“All Quiet on the Eastern Front”: Status Quo in EU’s Eastern Partnership

Written by | Thursday, November 30th, 2017

In November, the Eastern Partnership summit convened for the fifth time. This was a key moment for a great transformation of the Eastern Neighborhood policy that most EU member states have seemed ready to attempt at achieving. While few analysts expect a dramatic reinvention of the policy at this moment, the EU should try to move away from a ‘status quo plus’ approach, which draws on the existing activities and relationships.

The main objective of the Eastern Partnership is to bring about reform in its six participating states, but this has proved a Sisyphean task. In Ukraine, for example, critics say that the government is trying to do a “sweet counter-revolution” against reform efforts. At the same time, Russia’s conflict with Ukraine is still on, including the status quo in Crimea, where the conflict has already claimed 10,000 lives as of this year.

Tensions have also spread to Armenia and Belarus and fighting between Armenia and Azerbaijan in the Nagorno Karabakh could flare up again anytime. Moldova, in contrast, which was once seen as an Eastern Partnership success story is now quite the opposite. Since the beginning of the Eastern Partnership in 2008, the program has evolved in response to the circumstances but it still falls short of a transformative project that could properly serve both Brussels and reform-minded forces in partnership states.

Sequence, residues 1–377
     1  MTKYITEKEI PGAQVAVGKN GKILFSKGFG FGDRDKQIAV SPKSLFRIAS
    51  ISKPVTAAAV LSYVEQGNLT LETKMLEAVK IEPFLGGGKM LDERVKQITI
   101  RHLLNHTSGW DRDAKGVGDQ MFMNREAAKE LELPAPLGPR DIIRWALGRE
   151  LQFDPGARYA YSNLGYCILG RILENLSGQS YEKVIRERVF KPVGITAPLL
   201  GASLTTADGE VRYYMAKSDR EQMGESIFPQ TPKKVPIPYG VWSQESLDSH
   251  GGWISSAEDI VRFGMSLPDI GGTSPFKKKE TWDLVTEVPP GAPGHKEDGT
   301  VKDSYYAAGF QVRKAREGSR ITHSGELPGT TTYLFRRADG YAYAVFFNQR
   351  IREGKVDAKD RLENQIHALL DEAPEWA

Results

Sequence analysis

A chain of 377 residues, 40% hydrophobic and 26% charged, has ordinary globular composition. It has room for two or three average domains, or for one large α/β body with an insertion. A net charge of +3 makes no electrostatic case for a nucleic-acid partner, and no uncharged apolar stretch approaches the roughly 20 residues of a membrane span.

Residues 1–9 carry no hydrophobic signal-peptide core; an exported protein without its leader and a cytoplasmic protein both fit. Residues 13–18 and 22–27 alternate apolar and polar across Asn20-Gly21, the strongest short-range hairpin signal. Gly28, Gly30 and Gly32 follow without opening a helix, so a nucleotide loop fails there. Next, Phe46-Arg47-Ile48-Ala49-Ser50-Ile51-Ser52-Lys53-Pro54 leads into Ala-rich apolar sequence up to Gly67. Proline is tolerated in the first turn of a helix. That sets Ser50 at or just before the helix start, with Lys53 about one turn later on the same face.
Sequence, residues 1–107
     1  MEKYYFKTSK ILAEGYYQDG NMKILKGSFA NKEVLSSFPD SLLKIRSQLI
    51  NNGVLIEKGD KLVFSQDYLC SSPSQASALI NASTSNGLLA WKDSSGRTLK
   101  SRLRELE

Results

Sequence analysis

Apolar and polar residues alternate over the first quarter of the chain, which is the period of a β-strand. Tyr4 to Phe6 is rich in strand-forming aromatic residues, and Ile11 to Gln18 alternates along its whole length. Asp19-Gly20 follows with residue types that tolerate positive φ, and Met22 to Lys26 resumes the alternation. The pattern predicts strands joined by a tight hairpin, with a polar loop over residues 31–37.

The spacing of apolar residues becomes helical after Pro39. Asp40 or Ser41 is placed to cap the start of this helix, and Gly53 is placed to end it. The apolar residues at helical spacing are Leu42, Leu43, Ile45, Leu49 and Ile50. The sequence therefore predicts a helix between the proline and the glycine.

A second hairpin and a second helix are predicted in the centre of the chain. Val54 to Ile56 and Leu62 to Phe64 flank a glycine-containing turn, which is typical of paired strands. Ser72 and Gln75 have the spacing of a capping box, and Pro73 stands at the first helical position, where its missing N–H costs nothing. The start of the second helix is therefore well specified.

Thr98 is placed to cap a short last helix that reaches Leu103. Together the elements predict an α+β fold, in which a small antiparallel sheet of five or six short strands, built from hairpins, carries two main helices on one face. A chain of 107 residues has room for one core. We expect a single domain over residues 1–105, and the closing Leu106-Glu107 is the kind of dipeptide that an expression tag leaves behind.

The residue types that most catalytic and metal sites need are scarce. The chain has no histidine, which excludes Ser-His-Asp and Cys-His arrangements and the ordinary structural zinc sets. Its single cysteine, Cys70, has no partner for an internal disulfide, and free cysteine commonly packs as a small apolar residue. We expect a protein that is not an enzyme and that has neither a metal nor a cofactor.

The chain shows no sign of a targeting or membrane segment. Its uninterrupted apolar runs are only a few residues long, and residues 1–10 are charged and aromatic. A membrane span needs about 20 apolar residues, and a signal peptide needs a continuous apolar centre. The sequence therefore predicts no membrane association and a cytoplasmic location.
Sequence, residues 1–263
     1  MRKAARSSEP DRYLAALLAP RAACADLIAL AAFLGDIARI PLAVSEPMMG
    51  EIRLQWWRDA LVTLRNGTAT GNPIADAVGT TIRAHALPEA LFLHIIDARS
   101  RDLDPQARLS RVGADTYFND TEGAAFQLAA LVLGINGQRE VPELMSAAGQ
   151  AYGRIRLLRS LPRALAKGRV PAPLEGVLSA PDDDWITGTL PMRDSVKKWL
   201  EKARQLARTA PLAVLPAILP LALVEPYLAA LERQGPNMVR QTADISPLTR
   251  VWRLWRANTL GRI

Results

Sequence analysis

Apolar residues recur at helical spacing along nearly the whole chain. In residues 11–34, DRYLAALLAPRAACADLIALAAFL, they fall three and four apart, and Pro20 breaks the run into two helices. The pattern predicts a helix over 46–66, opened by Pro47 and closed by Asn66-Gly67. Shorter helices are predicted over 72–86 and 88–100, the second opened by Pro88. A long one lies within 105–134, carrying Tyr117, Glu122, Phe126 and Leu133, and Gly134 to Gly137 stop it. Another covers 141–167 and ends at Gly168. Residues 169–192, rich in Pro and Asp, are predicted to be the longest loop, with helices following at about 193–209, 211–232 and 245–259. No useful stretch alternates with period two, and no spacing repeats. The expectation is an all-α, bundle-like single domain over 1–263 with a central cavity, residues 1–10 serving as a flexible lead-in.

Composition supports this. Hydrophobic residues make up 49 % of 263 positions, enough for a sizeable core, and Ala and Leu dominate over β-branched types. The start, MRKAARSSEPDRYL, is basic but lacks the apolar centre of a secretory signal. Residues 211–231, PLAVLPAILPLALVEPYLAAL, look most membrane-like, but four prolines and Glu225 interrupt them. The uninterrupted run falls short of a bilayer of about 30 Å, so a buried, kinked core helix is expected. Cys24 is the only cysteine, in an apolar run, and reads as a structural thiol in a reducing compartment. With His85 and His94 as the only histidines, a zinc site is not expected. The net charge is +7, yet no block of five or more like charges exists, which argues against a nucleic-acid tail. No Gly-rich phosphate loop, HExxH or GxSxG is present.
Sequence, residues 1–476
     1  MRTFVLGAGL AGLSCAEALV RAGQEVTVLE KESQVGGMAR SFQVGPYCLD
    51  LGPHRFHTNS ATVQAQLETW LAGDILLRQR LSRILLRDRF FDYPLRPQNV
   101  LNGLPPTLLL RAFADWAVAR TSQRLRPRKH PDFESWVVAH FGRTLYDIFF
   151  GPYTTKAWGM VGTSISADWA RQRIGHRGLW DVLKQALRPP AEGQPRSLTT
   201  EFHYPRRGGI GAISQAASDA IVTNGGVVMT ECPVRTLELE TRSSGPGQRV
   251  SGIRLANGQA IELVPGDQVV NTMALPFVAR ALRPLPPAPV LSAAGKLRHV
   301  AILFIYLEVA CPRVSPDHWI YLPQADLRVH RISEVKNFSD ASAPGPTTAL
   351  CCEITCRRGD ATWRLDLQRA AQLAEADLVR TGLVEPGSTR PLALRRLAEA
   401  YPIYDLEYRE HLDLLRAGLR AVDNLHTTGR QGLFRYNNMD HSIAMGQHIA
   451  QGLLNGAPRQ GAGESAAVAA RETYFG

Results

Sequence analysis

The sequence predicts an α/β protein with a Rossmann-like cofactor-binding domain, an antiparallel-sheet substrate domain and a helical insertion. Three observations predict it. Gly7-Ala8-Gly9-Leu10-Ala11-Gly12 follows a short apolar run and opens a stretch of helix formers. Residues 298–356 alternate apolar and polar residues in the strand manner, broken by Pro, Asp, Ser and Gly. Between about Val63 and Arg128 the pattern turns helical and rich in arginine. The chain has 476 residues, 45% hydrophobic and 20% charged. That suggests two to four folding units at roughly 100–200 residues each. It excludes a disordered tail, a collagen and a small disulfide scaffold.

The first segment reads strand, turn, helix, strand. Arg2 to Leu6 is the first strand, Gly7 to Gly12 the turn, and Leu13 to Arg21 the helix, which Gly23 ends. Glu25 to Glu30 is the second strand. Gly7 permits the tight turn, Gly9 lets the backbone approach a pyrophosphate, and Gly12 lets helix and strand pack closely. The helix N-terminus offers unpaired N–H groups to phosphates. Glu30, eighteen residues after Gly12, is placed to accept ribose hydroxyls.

The rise of populism inside the EU and a resurgent Russia have quieted talks of EU expansion. A further eastern expansion is seen particularly undesirable among EU nationals. In the spring 2017, according to Eurobarometer, only 40 percent of respondents were in favor of “further enlargement of the EU to include other countries in future years”, while 49 percent were against.

Ukraine is arguably the most important Eastern Partnership country and the EU can achieve more consistent progress on the reform path here by putting more emphasis on different forces at work inside the country. It is also important to physically connect Ukraine to the EU and therefore Brussels should push for cheaper travel and no roaming charges in Ukraine. It is also important to help the country achieve energy independence by softening its approach to unbundling Naftohaz Ukrainy and by integrating Ukraine into ENPSOG (gas) and ENTSO (electricity).

Importantly, the EU should stay focused on the Eastern Partnership by frontloading as many beneficial policies as possible and communicating the merit of these to the nations of the region in a more effective way than it was done in the past. It is important to get the language right and thus find warmer expressions of solidarity with the six states of the initiative as well as involve them in internal EU decision-making.

‘Partners for Life: Europe’s Unanswered ‘Eastern Question’’ – Research Paper by Andrew Wilson – European Council on Foreign Relations (ECFR).
(The Research Paper can be downloaded here)

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